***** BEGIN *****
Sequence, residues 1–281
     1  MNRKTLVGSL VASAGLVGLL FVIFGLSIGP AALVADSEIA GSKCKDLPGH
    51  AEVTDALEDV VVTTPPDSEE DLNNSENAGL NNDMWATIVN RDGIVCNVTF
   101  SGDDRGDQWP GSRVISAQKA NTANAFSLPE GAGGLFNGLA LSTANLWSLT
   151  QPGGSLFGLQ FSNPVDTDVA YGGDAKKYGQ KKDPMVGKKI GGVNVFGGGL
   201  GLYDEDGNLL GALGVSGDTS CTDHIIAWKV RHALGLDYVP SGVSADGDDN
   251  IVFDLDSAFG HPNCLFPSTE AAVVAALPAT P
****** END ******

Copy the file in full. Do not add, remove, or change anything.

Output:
Sequence, residues 1–281
     1  MNRKTLVGSL VASAGLVGLL FVIFGLSIGP AALVADSEIA GSKCKDLPGH
    51  AEVTDALEDV VVTTPPDSEE DLNNSENAGL NNDMWATIVN RDGIVCNVTF
   101  SGDDRGDQWP GSRVISAQKA NTANAFSLPE GAGGLFNGLA LSTANLWSLT
   151  QPGGSLFGLQ FSNPVDTDVA YGGDAKKYGQ KKDPMVGKKI GGVNVFGGGL
   201  GLYDEDGNLL GALGVSGDTS CTDHIIAWKV RHALGLDYVP SGVSADGDDN
   251  IVFDLDSAFG HPNCLFPSTE AAVVAALPAT P